Free trade zones (FTZs) are a specific type of special economic zone (SEZ) where goods can be imported, handled, manufactured, and exported without direct intervention from Customs. They play an important role in modernizing China’s business landscape and serve as areas where authorities can experiment with pro-business regulations.
Currently, there are 11 FTZs in China; seven planned FTZs were announced in August 2016. Each FTZ has an industry focus and matching incentives to attract investment. FTZs are of critical consideration for foreign firms, but this decision process is highly dependent on an investor’s business focus and growth prospectus.
Overview of China’s FTZs
Inaugurated in 2013, the Shanghai FTZ was the first in mainland China. It acted as a testing ground for legal innovation, attracting foreign investment with fewer restrictions. The Shanghai FTZ was created with four goals in mind:
- Maintaining and increasing competitive edge;
- Transitioning to a more market-friendly regulatory environment;
- Internationalizing the RMB; and,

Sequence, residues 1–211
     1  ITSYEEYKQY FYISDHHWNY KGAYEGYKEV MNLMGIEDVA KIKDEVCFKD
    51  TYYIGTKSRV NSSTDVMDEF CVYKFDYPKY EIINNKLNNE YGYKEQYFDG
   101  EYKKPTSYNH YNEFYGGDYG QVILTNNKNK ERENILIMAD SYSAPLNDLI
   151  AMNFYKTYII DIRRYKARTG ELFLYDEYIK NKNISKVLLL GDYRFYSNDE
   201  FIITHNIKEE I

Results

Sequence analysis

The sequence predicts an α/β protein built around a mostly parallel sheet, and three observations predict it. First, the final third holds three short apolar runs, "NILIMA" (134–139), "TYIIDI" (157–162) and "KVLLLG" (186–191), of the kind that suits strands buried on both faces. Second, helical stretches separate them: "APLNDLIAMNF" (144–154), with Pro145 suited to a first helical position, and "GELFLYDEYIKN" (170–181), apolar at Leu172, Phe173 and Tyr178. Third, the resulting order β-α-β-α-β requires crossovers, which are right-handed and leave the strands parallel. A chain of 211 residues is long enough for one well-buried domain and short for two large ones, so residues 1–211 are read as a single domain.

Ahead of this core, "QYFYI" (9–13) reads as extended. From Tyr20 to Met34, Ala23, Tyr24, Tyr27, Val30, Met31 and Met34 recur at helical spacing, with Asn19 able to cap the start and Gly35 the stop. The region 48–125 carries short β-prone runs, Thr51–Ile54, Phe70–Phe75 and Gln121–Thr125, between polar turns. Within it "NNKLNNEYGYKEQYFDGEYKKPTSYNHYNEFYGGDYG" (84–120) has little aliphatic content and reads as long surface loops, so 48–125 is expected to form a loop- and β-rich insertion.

- Testing new strategies for reform with intent to duplicate.
By implementing policies meant to fulfil these goals, the Shanghai FTZ laid the foundation for FTZs nationwide. It relaxed incorporation requirements, adopted the use of the Negative List for pre-approval procedures, and implemented a one-stop application process, all measures which were eventually adopted nationwide.
In 2015, the government announced three more FTZs in Fujian, Guangdong, and Tianjin. This time, the government assigned strategic positions for each of the FTZs: Fujian supports trade with Taiwan; Guangdong supports economic integration with Hong Kong and Macao; and, Tianjin supports the northeastern region and helps develop offshore financial markets.
In 2016, the government announced plans for seven more FTZs, underlining the government’s long-term plans to develop inland China and support the One Belt, One Road (OBOR) initiative. The FTZs are in Chongqing, Liaoning, Henan, Hubei, Shaanxi, Sichuan, and Zhejiang.
Major incentives provided by FTZs
There are several incentives to invest in an FTZ. Here, we explore: tax; customs clearance; international trading center benefits; and, industry-specific liberalizations.
The following FTZs offer a reduced corporate income tax (CIT) of 15 percent if the firm fulfils certain requirements:
- Hengqing New Area, Guangdong FTZ;
- Qianhai Shenzhen-Hong Kong Modern Service Industry Cooperation Zone (Qianhai Shenzhen- Hong Kong Zone), Guangdong FTZ; and,
- Pingtan Comprehensive Experimental Area, Fujian.